Words and photos by Ryan Morse.

Since 2021, Sitka Conservation Society has hosted construction specialist Tristan Rhodes at Sea Pony Farm. Tristan was born and raised 30 miles west of Portland, Oregon, and went to school for building construction technology with an emphasis on designing, building, and remodeling. He found his way to Sitka through a building construction project for Frontier Charters. In true Sitka fashion, one project led to another, and Tristan ended up moving to town in 2016. “I was told that people who do everything are really appreciated,” he laughs.

In 2018, Tristan got involved with Sitka Conservation Society through working on renovations for public use cabins across the Tongass National Forest. Done in partnership with the U.S. Forest Service, Tristan worked with remote construction crews at Kanga Bay, Allan Point, Deep Bay, Fred’s Creek, as well as Greentop Cabin, a remote public use cabin in the West Chichagof-Yakobi Wilderness area. Tristan has been a reliable staple in various remote projects, which made him the perfect fit for working at Sea Pony Farm.

Since SCS was left the Sea Pony Farm property by artists Eric and Pam Bealer, we have developed it to host community leaders and artists of all backgrounds. Tristan has supported this work over the years by visiting Sea Pony Farm to help work on necessary construction upgrades to the property that ensure a safe, comfortable, and as-easy-to-maintain space, all while building and renovating in a way that keeps true to the spirit and aesthetic of the property the Bealers left us. In 2021, he installed the new solar array for the property, wiring the main house in a way that no wires would be exposed. The following year, he returned to provide updates and fixings to the property’s water pipes and support on the main house, and in 2024, he built new doors for the windows for the renovated machine shop and the barn. Tristan also had the opportunity to draw experience from working with his father, who originally worked as a brick mason, to repair the “heart stove” made by Eric in the main house.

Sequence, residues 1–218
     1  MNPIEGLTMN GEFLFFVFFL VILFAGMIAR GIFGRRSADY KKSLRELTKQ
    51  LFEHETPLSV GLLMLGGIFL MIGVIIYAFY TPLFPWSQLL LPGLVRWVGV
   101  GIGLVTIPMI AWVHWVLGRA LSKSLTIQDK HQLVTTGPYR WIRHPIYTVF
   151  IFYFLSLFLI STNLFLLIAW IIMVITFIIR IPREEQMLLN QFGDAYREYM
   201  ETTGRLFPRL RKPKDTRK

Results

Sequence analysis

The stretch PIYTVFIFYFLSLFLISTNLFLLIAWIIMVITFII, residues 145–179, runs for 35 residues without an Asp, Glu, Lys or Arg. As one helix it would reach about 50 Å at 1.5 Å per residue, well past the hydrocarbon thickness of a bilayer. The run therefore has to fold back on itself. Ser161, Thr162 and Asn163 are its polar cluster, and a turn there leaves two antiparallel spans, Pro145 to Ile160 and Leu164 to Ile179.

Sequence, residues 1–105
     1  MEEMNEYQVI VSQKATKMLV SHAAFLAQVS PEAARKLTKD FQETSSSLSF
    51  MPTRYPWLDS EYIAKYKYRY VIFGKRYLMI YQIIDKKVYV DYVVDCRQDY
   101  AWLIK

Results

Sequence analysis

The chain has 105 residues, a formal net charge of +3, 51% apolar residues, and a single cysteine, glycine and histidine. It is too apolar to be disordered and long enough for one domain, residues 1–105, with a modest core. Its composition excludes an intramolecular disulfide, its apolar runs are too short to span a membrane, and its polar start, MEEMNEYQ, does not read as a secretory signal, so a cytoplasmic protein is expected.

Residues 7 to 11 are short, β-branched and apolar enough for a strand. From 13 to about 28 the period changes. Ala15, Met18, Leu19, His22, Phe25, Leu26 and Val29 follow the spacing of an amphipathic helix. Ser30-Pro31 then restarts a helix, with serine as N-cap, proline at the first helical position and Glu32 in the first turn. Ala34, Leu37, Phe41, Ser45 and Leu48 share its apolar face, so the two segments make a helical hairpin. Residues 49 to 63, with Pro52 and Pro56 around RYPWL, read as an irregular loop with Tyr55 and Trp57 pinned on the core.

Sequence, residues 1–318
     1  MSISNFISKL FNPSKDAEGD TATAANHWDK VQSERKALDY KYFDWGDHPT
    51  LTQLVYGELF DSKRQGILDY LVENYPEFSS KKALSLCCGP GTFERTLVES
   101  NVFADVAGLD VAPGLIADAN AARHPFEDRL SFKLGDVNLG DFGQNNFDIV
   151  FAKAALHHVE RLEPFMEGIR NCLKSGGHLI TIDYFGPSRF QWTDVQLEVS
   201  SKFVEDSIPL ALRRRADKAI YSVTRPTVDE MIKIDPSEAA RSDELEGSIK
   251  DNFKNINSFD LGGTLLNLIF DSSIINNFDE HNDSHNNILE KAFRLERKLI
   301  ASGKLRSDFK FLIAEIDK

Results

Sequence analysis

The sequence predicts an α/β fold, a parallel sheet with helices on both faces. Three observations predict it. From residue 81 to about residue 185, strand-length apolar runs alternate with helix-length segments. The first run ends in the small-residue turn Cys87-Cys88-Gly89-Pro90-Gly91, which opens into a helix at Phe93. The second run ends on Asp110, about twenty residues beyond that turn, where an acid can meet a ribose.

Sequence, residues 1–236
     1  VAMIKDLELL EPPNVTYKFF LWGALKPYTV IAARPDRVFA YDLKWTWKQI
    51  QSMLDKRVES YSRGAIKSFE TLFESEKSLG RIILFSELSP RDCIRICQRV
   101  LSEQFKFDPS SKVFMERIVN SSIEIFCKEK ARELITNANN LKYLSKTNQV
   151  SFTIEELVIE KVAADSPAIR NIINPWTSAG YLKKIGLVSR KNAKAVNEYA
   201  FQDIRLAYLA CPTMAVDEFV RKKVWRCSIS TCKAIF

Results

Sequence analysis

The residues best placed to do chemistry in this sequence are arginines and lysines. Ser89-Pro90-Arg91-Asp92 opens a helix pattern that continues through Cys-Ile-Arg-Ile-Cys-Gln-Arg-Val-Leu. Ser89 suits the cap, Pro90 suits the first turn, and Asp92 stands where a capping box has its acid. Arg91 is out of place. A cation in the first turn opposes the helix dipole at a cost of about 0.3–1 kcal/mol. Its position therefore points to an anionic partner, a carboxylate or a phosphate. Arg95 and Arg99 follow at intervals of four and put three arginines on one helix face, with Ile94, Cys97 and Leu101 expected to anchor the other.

“When I first came to the property, Andrew (SCS’s Executive Director) said ‘don’t worry, the house will start speaking to you,’ and I feel that it does,” reflects Tristan. “You can read through Eric’s books and find the dog ears on how he built and moved things. When I rebuilt the wall in the kitchen I found an old love note from Eric to Pam. Jenni (my partner) insisted we work it back into the kitchen somehow, so now you can find it when you’re walking out of the pantry.”

Tristan’s time and work at Sea Pony Farm wasn’t dedicated totally towards property renovations. He also had time for more personal projects, like building clocks out of discarded materials found on the property, including burlwood, yellow cedar wood pieces, sawblades, and copper squares from Eric’s old printing press. Another even more personal project that Tristan worked on at the property? Crafting the ring out of metal found on the property to propose to his partner Jenni Goddard, who frequently joins him on the property to work on renovation work. “You could say I enjoy making functional artwork,” says Tristan with a grin.

Tristan's ingenuity, creativity, and know-how shines through in his renovations at Sea Pony Farm, paying homage to the property's original homesteaders while also having his own personal touches. “What I want to resonate most is just that feeling of being out in nature, and how anyone can literally use something that’s found or discarded to make it a centerpiece.”

Support Our Work at Sea Pony Farm

Tristan's work in 2024 has helped us prepare for one of our most exciting transformations at Sea Pony Farm – turning the beautiful barn that was used for animals into a communal gathering and maker space to be able to host art workshops, leadership retreats, folk musicians, and more. We want to be able to comfortably host up to seven people on the property at once, so it will also have cooking, dining, and sleeping areas. Labor on the barn project will involve specialty carpenters and local contractors with volunteers, staff, community members, and artists that will work under them. All upgrades will be made using local Tongass lumber to support local economies, and communities, and create the smallest carbon footprint possible. 

If you would like to support our work renovating the property to host more artists, or want to support our creative retreat program at Sea Pony Farm, please consider making a donation today.


Support Our Work at Sea Pony Farm